Following the news that Jeremy Beadle has just died from pneumonia at the age of 59, I thought it would be apt to mark his passing with the show that first brought him fame in the UK, Game For A Laugh, and paved the way for Beadle to become a household name when it came to anything to do with practical jokes.
Game For A Laugh first hit our screens in 1981, and was hosted by Jeremy Beadle, Sarah Kennedy, Henry Kelly and Matthew Kelly (the latter two of course not being related to each other). The show was a mixture of practical jokes, quizzes, games and stunts that involved members of the general public. As Beadle was always keen on reminding us it was the show where “The People Are The Stars” and the closing catchphrase of the show was “Watching Us Watching You, Watching Us Watching You” which was delivered by each member of the team saying a quarter of it each.
The featured practical jokes usually involved some hapless person had being set up by their spouse, family or work colleagues to be made a fool of, normally by having something nasty happen to them like their car being crushed in front of their eyes (of course, it wasn’t really their car). These were normally prefilmed segments where the person being humilated and the person who set them up were invited to sit and watch the mayhem commence.
In the studio there would be games involving volunteers from the audience, with a favourite example being the one where they are blindfolded and then have to put their hands into a box in front of them and guess what the object inside was that they were touching. I seem to recall once a lady was chosen who went through several boxes containing vegetables such as oranges and cucumbers, which cued much double entendre from Matthew Kelly. The last box contained Duncan Goodhew, the famous UK swimmer who was completely bald, so of course the lady declared he was a melon or something of that ilk. I’m pretty sure this was a Game For A Laugh moment, but it could quite easily have been one of the many copy cat shows that followed in its wake.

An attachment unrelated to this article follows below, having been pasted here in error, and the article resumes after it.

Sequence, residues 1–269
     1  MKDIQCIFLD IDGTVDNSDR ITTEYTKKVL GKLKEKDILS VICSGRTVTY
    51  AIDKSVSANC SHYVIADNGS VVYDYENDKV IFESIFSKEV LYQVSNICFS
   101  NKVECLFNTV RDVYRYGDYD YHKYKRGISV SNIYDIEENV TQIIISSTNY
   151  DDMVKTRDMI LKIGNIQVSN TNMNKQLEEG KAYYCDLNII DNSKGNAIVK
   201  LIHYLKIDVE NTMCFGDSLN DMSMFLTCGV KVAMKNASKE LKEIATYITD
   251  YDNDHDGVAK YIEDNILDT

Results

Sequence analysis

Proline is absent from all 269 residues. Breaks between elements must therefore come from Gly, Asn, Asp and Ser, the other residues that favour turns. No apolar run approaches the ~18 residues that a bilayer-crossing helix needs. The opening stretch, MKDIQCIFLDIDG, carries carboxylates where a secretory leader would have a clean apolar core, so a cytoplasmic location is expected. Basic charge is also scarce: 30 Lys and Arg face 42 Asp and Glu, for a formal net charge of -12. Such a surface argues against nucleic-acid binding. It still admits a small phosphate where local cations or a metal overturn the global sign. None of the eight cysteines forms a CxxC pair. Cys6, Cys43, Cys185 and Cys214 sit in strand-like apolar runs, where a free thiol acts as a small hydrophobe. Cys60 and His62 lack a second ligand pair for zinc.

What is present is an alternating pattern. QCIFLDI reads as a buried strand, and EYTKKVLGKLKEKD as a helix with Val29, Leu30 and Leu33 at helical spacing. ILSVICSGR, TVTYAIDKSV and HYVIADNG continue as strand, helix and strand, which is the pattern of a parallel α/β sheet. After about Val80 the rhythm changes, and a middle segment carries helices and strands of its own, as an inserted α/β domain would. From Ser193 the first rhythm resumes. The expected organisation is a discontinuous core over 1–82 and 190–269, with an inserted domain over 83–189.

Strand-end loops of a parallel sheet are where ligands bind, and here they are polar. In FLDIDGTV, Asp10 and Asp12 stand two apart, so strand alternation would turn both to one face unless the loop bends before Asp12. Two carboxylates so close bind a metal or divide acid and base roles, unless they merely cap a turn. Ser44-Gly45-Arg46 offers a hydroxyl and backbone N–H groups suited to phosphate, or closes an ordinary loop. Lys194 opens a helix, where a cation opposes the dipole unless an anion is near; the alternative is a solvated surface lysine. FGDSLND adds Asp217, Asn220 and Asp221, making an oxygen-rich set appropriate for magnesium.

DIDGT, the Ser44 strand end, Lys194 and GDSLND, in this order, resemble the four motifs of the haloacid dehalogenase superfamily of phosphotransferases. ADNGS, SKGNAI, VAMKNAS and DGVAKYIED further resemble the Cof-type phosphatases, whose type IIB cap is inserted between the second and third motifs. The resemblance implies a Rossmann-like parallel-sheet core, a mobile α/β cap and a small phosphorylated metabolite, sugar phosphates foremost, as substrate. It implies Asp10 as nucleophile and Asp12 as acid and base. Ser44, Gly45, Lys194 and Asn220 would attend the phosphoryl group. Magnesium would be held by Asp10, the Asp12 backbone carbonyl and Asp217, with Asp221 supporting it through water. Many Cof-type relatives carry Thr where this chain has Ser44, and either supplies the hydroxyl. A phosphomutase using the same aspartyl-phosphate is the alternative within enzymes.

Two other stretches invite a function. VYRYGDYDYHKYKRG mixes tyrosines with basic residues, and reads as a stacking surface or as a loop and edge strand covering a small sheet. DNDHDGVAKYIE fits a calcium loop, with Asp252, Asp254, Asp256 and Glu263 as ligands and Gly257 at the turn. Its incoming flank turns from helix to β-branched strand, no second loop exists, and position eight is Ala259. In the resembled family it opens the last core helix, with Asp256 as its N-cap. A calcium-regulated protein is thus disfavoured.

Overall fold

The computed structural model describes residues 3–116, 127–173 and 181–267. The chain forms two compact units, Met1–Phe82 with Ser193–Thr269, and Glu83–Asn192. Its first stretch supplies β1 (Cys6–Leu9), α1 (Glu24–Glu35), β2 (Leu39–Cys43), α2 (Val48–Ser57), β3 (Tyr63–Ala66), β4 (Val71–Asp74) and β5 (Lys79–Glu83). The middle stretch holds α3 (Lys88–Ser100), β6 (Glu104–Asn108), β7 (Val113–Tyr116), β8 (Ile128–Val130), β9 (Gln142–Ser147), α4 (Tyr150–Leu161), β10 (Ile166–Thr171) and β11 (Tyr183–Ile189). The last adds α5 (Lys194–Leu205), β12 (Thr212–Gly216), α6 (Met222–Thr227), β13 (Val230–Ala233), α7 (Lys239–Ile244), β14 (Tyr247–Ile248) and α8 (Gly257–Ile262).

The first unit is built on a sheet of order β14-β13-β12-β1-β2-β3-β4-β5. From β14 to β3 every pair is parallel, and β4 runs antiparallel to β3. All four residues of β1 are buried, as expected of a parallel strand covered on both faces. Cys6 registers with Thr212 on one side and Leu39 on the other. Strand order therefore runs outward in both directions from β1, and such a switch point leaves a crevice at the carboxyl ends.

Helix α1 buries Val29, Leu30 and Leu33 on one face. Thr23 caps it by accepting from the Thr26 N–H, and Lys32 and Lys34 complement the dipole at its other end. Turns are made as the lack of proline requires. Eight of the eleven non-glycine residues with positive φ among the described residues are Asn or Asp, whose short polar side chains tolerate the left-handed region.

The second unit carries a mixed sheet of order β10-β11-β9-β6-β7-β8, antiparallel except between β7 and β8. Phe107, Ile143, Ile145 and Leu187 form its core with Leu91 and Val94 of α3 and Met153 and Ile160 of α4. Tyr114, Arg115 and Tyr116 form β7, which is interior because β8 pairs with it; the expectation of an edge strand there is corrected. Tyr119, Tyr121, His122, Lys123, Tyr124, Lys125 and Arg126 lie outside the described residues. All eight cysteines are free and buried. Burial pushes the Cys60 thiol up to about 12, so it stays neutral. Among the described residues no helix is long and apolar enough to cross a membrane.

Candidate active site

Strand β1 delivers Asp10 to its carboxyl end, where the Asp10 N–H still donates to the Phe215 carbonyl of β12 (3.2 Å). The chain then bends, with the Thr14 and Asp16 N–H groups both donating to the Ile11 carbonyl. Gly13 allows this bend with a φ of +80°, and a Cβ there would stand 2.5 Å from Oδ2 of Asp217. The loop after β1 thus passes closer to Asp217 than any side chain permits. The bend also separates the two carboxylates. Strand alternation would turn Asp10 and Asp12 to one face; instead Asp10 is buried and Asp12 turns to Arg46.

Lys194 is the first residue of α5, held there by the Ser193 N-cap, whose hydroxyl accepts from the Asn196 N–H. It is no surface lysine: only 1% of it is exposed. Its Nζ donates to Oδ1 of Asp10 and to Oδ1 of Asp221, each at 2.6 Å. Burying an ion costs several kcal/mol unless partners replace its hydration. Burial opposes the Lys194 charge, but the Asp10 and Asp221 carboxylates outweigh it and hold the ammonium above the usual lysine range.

The show ran until 1985, although the death knell really came when the original team of presenters were replaced. Beadle remained, but was now accompanied by Martin Daniels (magician Paul’s son), Rusty Lee (the Jamaican cook with the infectious laugh from TV-am) and Lee Peck and Debbie Rix (no, I don’t remember who the last two are either!). Some vital spark seemed to have been lost with this new line up, and the show came to an end, with Beadle going on to present his own practical joke show Beadle’s About.